Scala LanguageType Variance


The + symbol marks a type parameter as covariant - here we say that "Producer is covariant on A":

trait Producer[+A] {
  def produce: A

A covariant type parameter can be thought of as an "output" type. Marking A as covariant asserts that Producer[X] <: Producer[Y] provided that X <: Y. For example, a Producer[Cat] is a valid Producer[Animal], as all produced cats are also valid animals.

A covariant type parameter cannot appear in contravariant (input) position. The following example will not compile as we are asserting that Co[Cat] <: Co[Animal], but Co[Cat] has def handle(a: Cat): Unit which cannot handle any Animal as required by Co[Animal]!

trait Co[+A] {
  def produce: A
  def handle(a: A): Unit

One approach to dealing with this restriction is to use type parameters bounded by the covariant type parameter. In the following example, we know that B is a supertype of A. Therefore given Option[X] <: Option[Y] for X <: Y, we know that Option[X]'s def getOrElse[B >: X](b: => B): B can accept any supertype of X - which includes the supertypes of Y as required by Option[Y]:

trait Option[+A] {
  def getOrElse[B >: A](b: => B): B


By default all type parameters are invariant - given trait A[B], we say that "A is invariant on B". This means that given two parametrizations A[Cat] and A[Animal], we assert no sub/superclass relationship between these two types - it does not hold that A[Cat] <: A[Animal] nor that A[Cat] >: A[Animal] regardless of the relationship between Cat and Animal.

Variance annotations provide us with a means of declaring such a relationship, and imposes rules on the usage of type parameters so that the relationship remains valid.


The - symbol marks a type parameter as contravariant - here we say that "Handler is contravariant on A":

trait Handler[-A] {
  def handle(a: A): Unit

A contravariant type parameter can be thought of as an "input" type. Marking A as contravariant asserts that Handler[X] <: Handler[Y] provided that X >: Y. For example a Handler[Animal] is a valid Handler[Cat], as a Handler[Animal] must also handle cats.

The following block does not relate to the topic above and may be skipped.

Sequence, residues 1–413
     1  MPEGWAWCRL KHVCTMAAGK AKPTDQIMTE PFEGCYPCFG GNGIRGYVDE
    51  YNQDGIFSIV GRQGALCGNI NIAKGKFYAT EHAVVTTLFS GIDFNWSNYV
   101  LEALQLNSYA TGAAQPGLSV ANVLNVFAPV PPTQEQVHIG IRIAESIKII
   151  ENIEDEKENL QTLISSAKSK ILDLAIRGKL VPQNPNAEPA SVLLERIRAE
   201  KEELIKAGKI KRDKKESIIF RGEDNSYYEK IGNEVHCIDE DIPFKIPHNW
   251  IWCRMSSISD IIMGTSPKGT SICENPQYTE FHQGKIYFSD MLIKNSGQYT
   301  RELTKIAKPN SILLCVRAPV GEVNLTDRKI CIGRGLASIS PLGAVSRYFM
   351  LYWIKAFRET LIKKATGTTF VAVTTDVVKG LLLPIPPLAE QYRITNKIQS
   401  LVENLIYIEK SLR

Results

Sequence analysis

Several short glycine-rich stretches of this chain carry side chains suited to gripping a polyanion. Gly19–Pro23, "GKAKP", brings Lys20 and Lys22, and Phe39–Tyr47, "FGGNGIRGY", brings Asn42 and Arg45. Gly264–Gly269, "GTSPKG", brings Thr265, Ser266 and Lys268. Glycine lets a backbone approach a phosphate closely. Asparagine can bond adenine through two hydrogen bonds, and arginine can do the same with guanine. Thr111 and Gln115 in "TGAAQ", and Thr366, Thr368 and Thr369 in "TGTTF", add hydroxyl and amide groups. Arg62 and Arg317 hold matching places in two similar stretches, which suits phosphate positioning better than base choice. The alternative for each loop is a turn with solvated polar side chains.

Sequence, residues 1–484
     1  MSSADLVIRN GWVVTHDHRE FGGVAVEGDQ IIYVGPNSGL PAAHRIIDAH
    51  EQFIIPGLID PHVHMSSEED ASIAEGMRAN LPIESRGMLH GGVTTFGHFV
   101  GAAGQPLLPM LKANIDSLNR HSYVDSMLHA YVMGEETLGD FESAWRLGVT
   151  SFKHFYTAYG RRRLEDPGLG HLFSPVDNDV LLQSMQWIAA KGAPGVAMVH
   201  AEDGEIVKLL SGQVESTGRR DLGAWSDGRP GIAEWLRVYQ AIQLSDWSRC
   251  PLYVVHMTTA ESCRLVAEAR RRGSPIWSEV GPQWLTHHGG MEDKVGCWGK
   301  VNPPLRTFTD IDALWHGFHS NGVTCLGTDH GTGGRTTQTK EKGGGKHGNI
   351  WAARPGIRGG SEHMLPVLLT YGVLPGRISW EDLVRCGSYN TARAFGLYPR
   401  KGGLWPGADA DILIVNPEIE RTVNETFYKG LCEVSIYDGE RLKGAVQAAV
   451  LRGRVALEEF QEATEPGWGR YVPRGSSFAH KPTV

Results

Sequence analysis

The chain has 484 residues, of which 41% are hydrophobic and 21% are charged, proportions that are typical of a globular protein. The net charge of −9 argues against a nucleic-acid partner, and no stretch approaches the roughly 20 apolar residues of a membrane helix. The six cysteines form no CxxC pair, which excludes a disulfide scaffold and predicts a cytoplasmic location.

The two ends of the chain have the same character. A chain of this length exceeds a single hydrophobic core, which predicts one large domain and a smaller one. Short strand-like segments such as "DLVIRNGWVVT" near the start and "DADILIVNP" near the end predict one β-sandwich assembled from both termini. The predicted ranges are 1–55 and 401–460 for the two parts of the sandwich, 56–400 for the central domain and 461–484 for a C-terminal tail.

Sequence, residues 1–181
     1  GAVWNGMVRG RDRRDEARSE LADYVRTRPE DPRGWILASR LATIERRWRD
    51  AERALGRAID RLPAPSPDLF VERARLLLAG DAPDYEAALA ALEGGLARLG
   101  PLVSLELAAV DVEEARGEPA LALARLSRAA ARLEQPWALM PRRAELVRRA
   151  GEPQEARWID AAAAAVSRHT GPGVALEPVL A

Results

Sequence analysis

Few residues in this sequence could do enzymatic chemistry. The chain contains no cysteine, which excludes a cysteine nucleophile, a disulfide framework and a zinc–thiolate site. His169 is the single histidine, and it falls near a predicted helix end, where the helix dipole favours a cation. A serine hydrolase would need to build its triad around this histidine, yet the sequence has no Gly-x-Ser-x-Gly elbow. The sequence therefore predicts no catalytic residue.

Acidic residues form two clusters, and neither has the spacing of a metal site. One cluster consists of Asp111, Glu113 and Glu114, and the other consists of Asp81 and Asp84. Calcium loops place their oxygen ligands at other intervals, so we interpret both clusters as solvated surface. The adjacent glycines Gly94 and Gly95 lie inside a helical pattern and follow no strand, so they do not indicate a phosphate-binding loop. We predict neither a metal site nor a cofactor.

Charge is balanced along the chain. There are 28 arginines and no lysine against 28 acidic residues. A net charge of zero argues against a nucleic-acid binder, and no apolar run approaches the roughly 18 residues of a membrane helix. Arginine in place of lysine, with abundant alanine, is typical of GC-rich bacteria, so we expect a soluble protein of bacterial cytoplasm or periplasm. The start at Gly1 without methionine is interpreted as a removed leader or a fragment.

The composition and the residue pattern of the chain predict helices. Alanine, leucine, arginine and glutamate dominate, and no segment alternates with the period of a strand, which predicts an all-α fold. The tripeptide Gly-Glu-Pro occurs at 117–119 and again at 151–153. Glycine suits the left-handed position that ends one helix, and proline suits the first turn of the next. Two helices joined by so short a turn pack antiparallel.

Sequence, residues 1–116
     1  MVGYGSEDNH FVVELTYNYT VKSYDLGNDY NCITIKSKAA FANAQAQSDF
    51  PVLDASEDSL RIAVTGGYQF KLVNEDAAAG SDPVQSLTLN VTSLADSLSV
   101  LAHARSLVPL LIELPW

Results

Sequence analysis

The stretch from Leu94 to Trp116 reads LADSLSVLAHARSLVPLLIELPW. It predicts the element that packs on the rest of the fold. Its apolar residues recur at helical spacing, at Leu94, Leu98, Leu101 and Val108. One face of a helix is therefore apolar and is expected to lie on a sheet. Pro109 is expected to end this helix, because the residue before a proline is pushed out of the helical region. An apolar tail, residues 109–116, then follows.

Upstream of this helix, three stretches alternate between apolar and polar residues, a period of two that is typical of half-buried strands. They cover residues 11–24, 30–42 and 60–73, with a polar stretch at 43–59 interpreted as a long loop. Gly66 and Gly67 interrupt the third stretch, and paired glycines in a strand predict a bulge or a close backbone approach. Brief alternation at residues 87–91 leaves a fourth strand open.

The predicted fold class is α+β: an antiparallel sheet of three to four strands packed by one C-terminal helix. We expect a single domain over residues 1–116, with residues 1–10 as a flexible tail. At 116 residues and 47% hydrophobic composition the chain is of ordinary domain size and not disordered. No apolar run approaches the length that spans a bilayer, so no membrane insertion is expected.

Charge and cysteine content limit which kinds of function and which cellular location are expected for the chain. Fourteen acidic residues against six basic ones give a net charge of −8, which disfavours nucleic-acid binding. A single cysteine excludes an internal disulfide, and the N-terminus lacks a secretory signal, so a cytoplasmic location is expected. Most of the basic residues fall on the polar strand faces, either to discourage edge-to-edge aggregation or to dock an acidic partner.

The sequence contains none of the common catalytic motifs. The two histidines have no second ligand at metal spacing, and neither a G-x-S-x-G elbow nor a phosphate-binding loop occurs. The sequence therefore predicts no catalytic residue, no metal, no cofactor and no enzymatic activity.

A contravariant type parameter cannot appear in covariant (output) position. The following example will not compile as we are asserting that a Contra[Animal] <: Contra[Cat], however a Contra[Animal] has def produce: Animal which is not guaranteed to produce cats as required by Contra[Cat]!

trait Contra[-A] {
   def handle(a: A): Unit
   def produce: A

Beware however: for the purposes of overloading resolution, contravariance also counterintuitively inverts the specificity of a type on the contravariant type parameter - Handler[Animal] is considered to be "more specific" than Handler[Cat].

As it is not possible to overload methods on type parameters, this behavior generally only becomes problematic when resolving implicit arguments. In the following example ofCat will never be used, as the return type of ofAnimal is more specific:

implicit def ofAnimal: Handler[Animal] = ???
implicit def ofCat: Handler[Cat] = ???

implicitly[Handler[Cat]].handle(new Cat)

This behavior is currently slated to change in dotty, and is why (as an example) scala.math.Ordering is invariant on its type parameter T. One workaround is to make your typeclass invariant, and type-parametrize the implicit definition in the event that you want it to apply to subclasses of a given type:

trait Person
object Person {
  implicit def ordering[A <: Person]: Ordering[A] = ???

Covariance of a collection

Because collections are typically covariant in their element type*, a collection of a subtype may be passed where a super type is expected:

trait Animal { def name: String } 
case class Dog(name: String) extends Animal

object Animal {
  def printAnimalNames(animals: Seq[Animal]) = {
    animals.foreach(animal => println(

val myDogs: Seq[Dog] = Seq(Dog("Curly"), Dog("Larry"), Dog("Moe"))

// Curly
// Larry
// Moe

It may not seem like magic, but the fact that a Seq[Dog] is accepted by a method that expects a Seq[Animal] is the entire concept of a higher-kinded type (here: Seq) being covariant in its type parameter.

* A counterexample being the standard library's Set

Covariance on an invariant trait

There is also a way to have a single method accept a covariant argument, instead of having the whole trait covariant. This may be necessary because you would like to use T in a contravariant position, but still have it covariant.

trait LocalVariance[T]{
  /// ??? throws a NotImplementedError
  def produce: T = ???
  // the implicit evidence provided by the compiler confirms that S is a
  // subtype of T.
  def handle[S](s: S)(implicit evidence: S <:< T) = {
    // and we can use the evidence to convert s into t.
    val t: T = evidence(s)

trait A {}
trait B extends A {}

object Test {
  val lv = new LocalVariance[A] {}

  // now we can pass a B instead of an A.
  lv.handle(new B {})